Don't Throw Cheese, And Other Tips On How To Fight Fairly With Your SO

by Sarah Cole
Briana Morrison

I once saw my mother throw a piece of cheese at my father in an argument.

Flash forward to myself as a 28-year-old woman, and I threw a sandwich at the man I loved more than anyone.

Why? Because I'm a brat.

But also because I believe many of us millennials were raised to either yell and curse, or brush our problems under the rug.

We're missing skills in being an adult in adult relationships. Specifically, we don't know how to fight. Whether it be good, bad, ugly or fair, we've all had relationships in which we didn't, errr... fight the most maturely.

I'm not saying not to fight. You need to fight with your SO. Just fight fairly.

Here are five rules you should follow if you want to fix this problem.

1. Don't call your SO names.

Obviously, nobody wants to be called an arrogant asshole or a stuck-up bitch.

And if you meant it, you wouldn't be so in love with this arrogant asshole or that stick-up bitch anyway, right?

2. No blaming.

He's wrong, she's wrong, you're wrong.

The blame game is for cowards and doesn't solve anything.

3. Apologize, but only if you mean it.

If you know you are in the wrong, apologize.

However, don't over-apologize. It takes two people to say you're sorry: One to say it, and one to accept it. If your lover cannot accept it, they may need more time, or they may not be ready to address the situation. It's ok to allow for time to feel the anger or sadness.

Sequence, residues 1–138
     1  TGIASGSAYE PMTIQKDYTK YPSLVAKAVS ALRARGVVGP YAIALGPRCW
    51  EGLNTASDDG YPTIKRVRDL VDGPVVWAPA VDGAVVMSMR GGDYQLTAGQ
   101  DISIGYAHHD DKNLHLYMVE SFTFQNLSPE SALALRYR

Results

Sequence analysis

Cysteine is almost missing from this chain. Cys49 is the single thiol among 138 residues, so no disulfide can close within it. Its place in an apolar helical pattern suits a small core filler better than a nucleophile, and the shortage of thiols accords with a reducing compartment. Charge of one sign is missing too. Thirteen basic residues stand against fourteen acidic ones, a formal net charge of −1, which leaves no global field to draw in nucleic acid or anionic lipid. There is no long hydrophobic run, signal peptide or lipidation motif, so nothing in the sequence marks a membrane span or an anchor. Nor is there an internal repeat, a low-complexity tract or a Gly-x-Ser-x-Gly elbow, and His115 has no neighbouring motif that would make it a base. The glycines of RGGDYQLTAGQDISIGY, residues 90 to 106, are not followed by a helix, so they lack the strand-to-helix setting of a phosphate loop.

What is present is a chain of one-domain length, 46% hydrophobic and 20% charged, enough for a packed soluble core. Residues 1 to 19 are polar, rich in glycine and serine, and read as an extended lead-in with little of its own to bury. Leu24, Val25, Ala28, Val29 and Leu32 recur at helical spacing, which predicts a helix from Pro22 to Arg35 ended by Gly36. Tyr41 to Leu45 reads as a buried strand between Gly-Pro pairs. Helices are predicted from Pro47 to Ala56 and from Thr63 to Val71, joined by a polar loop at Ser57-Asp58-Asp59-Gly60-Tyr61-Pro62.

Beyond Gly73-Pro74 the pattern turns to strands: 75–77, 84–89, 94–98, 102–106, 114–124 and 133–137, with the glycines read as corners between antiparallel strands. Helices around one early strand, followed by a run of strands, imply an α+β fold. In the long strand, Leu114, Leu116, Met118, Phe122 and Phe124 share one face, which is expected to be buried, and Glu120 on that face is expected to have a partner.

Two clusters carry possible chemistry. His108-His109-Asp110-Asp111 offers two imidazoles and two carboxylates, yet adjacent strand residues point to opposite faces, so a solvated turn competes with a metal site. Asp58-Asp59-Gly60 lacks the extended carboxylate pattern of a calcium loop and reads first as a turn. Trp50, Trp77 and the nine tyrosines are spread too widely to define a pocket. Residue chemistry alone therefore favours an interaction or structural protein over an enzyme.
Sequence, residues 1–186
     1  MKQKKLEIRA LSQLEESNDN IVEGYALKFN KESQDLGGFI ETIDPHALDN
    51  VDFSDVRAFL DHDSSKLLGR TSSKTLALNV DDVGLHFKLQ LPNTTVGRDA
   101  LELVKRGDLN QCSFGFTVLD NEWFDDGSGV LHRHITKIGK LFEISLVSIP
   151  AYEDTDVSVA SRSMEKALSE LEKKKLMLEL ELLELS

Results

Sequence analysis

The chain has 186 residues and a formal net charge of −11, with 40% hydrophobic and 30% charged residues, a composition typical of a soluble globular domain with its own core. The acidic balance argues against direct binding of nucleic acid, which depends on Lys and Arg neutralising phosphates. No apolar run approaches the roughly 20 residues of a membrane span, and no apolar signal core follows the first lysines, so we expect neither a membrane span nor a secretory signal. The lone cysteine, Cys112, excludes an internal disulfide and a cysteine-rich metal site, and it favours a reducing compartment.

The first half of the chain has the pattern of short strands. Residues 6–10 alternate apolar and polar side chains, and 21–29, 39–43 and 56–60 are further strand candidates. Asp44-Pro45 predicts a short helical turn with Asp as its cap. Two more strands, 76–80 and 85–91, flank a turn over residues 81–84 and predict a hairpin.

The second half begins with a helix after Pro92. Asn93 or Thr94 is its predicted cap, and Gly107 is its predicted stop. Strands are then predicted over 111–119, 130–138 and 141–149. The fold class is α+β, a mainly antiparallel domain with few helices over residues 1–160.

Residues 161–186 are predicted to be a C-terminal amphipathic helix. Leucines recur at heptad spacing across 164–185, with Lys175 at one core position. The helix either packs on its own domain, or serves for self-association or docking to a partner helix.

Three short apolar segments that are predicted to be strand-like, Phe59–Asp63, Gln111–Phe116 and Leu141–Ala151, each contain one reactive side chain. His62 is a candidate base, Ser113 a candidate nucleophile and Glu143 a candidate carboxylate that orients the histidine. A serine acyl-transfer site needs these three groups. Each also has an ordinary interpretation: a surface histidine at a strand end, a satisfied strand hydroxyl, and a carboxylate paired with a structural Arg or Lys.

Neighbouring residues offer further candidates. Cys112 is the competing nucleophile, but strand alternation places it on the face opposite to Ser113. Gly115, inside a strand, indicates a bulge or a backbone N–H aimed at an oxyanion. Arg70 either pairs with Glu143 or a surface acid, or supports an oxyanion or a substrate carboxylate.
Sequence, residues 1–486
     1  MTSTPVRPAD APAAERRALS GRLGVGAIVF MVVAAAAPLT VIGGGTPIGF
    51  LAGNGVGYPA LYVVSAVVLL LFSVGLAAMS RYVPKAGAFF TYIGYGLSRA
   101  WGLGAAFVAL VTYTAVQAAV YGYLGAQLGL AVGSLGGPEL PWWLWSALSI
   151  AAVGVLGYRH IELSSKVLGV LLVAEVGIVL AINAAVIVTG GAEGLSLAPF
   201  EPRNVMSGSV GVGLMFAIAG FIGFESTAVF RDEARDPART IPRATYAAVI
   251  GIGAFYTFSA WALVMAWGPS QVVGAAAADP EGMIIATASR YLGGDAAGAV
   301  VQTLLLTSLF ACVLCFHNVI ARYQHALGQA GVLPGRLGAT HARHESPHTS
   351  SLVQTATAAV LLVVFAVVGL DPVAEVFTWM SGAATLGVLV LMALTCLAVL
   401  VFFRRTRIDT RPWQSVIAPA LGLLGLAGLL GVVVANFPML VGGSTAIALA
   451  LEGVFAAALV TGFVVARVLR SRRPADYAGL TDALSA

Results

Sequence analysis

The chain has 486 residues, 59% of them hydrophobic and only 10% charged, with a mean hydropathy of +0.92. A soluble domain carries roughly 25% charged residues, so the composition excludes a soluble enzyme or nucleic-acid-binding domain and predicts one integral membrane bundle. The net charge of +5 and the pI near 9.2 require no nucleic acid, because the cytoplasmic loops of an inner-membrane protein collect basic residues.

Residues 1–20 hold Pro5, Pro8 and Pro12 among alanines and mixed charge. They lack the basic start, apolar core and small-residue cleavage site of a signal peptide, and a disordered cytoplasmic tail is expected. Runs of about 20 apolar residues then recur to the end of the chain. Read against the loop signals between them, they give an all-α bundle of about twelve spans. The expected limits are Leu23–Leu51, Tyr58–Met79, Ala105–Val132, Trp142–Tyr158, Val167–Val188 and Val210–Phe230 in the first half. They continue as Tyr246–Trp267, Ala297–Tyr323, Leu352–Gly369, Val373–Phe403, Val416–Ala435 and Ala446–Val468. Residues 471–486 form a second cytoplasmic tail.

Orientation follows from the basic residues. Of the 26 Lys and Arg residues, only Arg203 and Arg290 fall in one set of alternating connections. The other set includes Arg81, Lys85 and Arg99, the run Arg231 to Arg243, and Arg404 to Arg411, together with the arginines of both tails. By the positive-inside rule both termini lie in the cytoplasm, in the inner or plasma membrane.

4. Take a step back.

Take a deep breath and re-evaluate the fight.

Identify what the real issue is. There may be an underlying issue that you really need to step back and look for.


Learn from my lessons, babes. Just don't do it.

I recently discussed the topic of fighting with a close friend. Her parents' relationship was a fairy tale, whereas mine screamed at each other. While I learned to only fight dirty, she learned to only idealized her lovers. We're both single 29-year-old women.

I'm beginning to realize this lack of knowledge in being able to fight maturely has been a common flaw in every relationship I've had.

I'm beginning to understand that many of my relationships have been negatively effected by my inability to act and express my emotions calmly and respectfully. I'm also slowly teaching myself how to be a responsible lover (and fighter).

These simple steps seem like common sense, but in the heat of the moment can seem harder than putting a fitted sheet on your mattress.